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Literature / Death in Venice

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Death in Venice is a 1912 novella written by the German author, Thomas Mann (original title Der Tod in Venedig). The story is about an aged writer, Gustav von Aschenbach, who travels to Venice on advice of his doctor and falls in love with a stunningly good-looking, aristocratic boy of fourteen, Tadzio, to whom he never speaks. Gustav finds himself drawn deeply into a ruinous inward passion, which has bad consequences for him as there is a cholera epidemic currently going down in the city.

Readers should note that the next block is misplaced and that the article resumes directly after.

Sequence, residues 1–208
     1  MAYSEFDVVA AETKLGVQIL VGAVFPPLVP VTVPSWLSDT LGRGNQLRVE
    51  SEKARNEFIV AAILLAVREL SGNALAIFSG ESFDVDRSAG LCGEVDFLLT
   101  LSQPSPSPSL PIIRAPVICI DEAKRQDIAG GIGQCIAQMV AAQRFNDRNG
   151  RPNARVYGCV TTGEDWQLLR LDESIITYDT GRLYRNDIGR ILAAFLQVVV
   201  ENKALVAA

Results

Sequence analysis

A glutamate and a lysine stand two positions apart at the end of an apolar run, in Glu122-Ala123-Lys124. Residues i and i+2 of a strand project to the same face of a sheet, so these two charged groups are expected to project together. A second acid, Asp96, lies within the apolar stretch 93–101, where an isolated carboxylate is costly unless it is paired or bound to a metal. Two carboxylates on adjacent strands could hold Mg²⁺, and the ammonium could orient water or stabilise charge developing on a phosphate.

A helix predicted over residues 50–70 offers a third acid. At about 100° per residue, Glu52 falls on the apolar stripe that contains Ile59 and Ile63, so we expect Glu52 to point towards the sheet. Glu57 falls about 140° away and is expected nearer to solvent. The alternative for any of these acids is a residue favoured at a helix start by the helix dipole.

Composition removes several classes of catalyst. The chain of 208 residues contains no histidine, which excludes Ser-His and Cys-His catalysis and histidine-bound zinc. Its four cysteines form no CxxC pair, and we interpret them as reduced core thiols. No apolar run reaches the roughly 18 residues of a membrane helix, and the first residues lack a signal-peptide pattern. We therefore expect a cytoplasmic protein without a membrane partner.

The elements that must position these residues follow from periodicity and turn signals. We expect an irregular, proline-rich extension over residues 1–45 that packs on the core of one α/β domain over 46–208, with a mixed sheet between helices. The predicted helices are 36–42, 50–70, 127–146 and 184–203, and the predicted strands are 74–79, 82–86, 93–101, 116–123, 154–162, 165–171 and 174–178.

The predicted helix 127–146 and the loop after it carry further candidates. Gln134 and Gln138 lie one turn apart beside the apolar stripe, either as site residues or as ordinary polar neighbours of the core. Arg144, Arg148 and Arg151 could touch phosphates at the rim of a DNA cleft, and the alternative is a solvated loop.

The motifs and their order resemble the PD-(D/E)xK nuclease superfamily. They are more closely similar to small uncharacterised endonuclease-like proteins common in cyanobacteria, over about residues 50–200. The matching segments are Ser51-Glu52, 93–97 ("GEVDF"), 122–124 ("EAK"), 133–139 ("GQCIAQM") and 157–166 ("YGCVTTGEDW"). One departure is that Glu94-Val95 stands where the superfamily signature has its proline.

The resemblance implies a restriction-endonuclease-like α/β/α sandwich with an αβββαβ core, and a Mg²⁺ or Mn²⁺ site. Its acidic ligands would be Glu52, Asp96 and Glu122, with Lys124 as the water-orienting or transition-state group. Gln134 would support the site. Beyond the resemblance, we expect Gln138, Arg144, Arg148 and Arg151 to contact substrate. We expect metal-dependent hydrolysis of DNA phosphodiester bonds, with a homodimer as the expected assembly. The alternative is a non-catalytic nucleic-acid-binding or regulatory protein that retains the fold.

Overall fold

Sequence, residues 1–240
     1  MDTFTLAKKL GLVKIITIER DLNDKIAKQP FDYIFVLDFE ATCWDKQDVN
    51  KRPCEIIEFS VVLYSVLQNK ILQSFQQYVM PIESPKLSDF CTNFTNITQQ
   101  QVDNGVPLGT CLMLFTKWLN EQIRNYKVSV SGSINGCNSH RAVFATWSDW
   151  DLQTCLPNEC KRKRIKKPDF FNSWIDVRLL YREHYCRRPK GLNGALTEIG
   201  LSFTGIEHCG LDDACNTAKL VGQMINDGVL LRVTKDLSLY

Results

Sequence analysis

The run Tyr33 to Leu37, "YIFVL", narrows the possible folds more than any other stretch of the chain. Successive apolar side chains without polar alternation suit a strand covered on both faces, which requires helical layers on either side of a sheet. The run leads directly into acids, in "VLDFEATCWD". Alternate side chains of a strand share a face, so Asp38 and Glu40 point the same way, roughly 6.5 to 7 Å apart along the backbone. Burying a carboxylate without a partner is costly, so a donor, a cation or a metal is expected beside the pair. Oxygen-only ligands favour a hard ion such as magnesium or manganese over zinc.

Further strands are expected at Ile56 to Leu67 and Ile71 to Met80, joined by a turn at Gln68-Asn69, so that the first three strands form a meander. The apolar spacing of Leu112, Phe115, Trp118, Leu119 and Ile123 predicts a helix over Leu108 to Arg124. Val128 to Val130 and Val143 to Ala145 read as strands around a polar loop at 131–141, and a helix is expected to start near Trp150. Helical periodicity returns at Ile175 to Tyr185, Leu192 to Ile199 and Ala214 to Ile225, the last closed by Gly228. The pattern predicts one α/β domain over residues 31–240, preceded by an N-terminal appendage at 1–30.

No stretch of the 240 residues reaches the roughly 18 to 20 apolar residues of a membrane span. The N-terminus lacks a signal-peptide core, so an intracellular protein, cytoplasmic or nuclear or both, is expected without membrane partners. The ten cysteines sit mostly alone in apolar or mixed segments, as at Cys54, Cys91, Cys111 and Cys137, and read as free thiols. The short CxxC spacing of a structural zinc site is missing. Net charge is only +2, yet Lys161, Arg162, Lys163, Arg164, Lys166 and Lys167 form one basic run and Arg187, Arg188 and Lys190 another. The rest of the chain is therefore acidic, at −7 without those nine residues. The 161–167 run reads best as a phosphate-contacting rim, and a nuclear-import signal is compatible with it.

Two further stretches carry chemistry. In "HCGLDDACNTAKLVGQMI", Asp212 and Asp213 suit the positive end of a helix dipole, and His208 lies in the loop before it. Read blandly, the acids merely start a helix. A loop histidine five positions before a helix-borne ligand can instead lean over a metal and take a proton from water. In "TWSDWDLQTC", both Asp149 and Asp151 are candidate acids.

The novella is highly autobiographical: while holidaying in Venice, thirty-seven-year-old Mann, a married father, had crushed from afar on a ten-year-old Polish aristocrat, Wladyslaw Moes. Benjamin Britten has adapted this into an opera, and director Luchino Visconti made a 1971 film adaptation of the novella (Morte a Venezia) starring Dirk Bogarde and Björn Andrésen. It also served as the main inspiration for the 1990 novel Love and Death on Long Island, a more humorous take on the novel that also gives it a Setting Update to 1990s America, which in turn received a 1997 film adaptation made by director Richard Kwietniowski, starring John Hurt and Jason Priestley.

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